So, I’m hoping for an NA28 for Christmas. Nevertheless,  in a recent research seminar here in Cardiff, I was interested by a comment from Hugh Houghton of the University of Birmingham who said, ‘Don’t worry if you don’t get an NA28, the NA29 is just round the corner.’ Admittedly, when quizzed afterwards, ’round the corner’ probably means a couple of years, but still.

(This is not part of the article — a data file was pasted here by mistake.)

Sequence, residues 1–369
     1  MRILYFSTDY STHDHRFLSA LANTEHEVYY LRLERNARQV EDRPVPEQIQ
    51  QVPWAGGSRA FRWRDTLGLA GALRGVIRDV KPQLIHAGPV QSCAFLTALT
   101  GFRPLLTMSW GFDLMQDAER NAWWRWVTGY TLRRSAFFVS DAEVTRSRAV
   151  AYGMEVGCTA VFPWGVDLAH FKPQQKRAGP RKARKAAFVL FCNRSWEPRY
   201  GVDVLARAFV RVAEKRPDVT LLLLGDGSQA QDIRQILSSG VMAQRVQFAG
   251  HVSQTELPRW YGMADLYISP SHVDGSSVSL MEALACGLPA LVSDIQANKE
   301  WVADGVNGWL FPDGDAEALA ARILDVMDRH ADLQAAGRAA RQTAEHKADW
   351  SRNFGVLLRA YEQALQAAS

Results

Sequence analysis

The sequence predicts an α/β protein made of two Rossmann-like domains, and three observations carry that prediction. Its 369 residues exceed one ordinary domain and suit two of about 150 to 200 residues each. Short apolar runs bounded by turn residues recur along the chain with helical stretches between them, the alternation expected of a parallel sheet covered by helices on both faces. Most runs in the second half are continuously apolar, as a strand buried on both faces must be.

From the proposed timeline he showed us, there may be quite a number of new editions over the next decade or so as the Editio Critica Maior approaches completion. Although this will lead to lots of blue volumes on the shelf, I don’t see this as a bad thing (apart from financially). Quite apart from increasingly reliable and useful text and notes, I hope this plurality of editions will move us away from seeing NAxx as a definitive and fixed text. It was fascinating, now that I’m in a primarily Religious Studies department, to hear scholars of other religious traditions arguing that the quest for a single text (albeit eclectic and with apparatus), seemed to them to be unhelpful, and ideologically driven. They considered it far more intellectually useful to work with actual texts, along with their variants. Happily, this is the way that things seem to be going with the advent of excellent online resources (e.g. Codex Alexandrinus has gone online this week). Nevertheless, such an approach is generally not practical for much work in NT studies, and NAxx is still a very useful tool. But I take the general point and want to avoid the ‘laziness’ that reverence for the ‘default’ text can bring. So here’s my suggestion for future editions: how about putting the apparatus at the top (i.e. making actual MSS the main feature) and the text at the bottom?